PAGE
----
Dr. Lynn Arner
Dept. of English
1812 Sir Isaac Brock Way
Brock University
St. Catharines, Ontario L2S 3A1

[1] The current competition is the transitional year regarding the date parameters for this prize. Henceforth, the year of the award will be announced in the prize title, and the dissertation must have been defended in the stated year. For this competition only, the committee will accept dissertations defended late in 2015 if the PhD was officially conferred in 2016. (However, no dissertation entered in last year’s competition can be re-entered this year.)

New Chaucer Society Early Career Essay Prize

The New Chaucer Society announces a new venture: an Early Career Essay Prize, worth $2,000, to be awarded every two years to the best essay published by an early career scholar in Studies in the Age of Chaucer. The prize will be awarded after publication in SAC, and will be given out at the biennial congress.

The prize is open to any graduate student OR to any scholar within 6 years of their PhD being granted at the time of submission of the essay. Beginning with those already accepted for publication in SAC 38, we will ask for eligible essays to be identified on submission, following which they will automatically be considered for the prize. The first award will be given in 2018 at the Toronto Congress.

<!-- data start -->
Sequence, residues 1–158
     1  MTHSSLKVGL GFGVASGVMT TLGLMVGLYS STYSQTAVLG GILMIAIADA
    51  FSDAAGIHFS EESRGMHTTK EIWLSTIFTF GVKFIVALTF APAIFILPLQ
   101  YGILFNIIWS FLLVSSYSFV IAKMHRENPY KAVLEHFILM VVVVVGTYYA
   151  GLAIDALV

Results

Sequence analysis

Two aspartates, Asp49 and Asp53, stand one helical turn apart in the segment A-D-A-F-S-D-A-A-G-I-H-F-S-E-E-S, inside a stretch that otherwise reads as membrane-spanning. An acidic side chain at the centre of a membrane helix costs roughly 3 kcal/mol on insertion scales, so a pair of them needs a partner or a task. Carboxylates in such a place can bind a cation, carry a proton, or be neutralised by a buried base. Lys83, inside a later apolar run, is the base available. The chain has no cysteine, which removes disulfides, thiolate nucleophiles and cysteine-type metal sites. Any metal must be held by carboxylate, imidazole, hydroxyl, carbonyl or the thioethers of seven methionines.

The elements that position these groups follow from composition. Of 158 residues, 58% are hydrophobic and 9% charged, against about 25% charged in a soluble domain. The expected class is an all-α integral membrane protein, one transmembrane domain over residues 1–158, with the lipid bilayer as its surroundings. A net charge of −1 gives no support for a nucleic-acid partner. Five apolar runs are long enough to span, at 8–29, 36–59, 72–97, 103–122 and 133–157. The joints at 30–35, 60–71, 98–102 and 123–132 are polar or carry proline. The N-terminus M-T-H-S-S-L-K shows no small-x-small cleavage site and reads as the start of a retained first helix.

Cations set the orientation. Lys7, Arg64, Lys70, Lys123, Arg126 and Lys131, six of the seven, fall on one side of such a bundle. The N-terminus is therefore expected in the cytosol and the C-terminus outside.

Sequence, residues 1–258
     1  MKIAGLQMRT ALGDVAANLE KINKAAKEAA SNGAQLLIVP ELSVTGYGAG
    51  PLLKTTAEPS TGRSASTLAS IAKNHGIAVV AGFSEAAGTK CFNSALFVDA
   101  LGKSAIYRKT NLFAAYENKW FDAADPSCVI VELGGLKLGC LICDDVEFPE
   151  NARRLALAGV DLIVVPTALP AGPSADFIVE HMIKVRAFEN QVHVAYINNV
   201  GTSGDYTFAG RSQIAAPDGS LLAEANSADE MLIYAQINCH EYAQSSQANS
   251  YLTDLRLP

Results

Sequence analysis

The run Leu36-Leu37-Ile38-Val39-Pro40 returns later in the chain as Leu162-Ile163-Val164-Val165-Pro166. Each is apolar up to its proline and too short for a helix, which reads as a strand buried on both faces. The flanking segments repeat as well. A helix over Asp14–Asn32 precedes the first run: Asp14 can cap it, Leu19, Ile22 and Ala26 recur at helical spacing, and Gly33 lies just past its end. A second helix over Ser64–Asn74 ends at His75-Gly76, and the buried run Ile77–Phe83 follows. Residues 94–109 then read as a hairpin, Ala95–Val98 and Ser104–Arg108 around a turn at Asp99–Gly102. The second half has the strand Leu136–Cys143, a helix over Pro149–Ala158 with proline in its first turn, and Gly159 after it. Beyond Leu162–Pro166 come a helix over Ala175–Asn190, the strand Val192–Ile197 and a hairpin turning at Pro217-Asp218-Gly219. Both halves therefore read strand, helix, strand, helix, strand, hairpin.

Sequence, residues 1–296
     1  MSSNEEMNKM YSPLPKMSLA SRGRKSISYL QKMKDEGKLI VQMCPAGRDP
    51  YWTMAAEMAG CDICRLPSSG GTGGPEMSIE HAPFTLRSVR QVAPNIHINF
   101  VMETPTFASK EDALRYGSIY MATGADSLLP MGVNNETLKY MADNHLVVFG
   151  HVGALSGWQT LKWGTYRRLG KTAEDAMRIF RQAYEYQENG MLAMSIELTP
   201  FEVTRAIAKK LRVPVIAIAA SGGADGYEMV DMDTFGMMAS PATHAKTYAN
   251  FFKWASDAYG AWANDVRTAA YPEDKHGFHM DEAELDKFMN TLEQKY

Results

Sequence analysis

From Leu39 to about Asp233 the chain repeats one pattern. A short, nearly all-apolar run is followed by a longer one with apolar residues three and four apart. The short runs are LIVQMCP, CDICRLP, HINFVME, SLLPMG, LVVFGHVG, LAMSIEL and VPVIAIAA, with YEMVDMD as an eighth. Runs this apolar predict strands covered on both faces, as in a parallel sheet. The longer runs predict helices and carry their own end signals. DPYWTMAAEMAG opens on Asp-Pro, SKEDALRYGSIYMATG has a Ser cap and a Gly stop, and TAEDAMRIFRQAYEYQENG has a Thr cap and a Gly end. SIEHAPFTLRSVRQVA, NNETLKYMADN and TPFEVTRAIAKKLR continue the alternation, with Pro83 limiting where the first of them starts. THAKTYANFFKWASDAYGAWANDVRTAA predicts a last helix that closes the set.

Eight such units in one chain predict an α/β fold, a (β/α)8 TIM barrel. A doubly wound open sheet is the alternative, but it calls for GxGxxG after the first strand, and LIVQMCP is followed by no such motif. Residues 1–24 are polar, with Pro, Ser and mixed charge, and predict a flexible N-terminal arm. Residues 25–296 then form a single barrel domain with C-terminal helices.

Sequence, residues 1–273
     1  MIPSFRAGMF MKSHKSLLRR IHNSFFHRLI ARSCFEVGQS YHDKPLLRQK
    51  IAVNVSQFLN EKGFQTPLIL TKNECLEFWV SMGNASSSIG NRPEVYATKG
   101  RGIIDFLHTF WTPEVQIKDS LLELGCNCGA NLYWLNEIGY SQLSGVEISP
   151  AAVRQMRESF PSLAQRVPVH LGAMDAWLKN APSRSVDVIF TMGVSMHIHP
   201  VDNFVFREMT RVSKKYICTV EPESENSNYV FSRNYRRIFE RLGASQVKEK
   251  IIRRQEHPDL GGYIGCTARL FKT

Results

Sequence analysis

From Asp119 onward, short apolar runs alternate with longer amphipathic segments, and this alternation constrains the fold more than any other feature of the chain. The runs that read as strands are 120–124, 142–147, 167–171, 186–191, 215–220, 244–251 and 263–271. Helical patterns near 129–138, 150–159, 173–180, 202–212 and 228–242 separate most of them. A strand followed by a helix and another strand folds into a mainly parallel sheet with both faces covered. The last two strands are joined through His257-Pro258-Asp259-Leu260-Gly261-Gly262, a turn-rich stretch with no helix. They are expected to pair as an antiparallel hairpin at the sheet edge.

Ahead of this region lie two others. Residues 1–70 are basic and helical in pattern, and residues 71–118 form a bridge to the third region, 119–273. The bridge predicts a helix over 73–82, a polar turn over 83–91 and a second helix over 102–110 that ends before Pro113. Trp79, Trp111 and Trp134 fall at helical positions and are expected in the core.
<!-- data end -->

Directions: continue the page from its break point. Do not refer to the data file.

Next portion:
Search for New NCS Executive Director/home

The New Chaucer Society, a growing international scholarly organization, seeks an Executive Director and an institutional home, to begin in August 2018.

The Executive Director (ED) is fully responsible for the administrative and financial affairs of the Society. Duties include: recommending and handling membership dues; taking a leadership and liaison role in the organization of biennial international congresses; liaising with the Chaucer Bibliographer and with the Editor and Book Reviews Editor of SAC. The ED acts as Secretary and Treasurer of the Society; serves as Returning Officer for all elections; maintains the website; supervises student assistant/s and any other staff. The term of appointment is normally 5 years, ordinarily renewable once. However, we will also consider bids for 3 years, renewable once.

Ideally, the institutional home will provide support for the Society through provision of office space, office expenses and staff help (which might, for example, include student assistantships), and research and travel support for the ED. Major responsibilities of the office will include web support, dues processing, newsletter editing, administrative assistance with budget management, and administrative support of the Biennial Congress Program Committee. 

All initial inquiries should be sent to Professor Ardis Butterfield, President of the Society and Chair of the Search Committee (, who will offer advice on the details that will be required for a formal bid. Individuals and institutions are also encouraged to consult with the current ED, Professor Ruth Evans, for help in shaping bids ( Completed applications should be sent via email to the President. They will be reviewed from 27 March 2017, continuing until a new ED and home are found.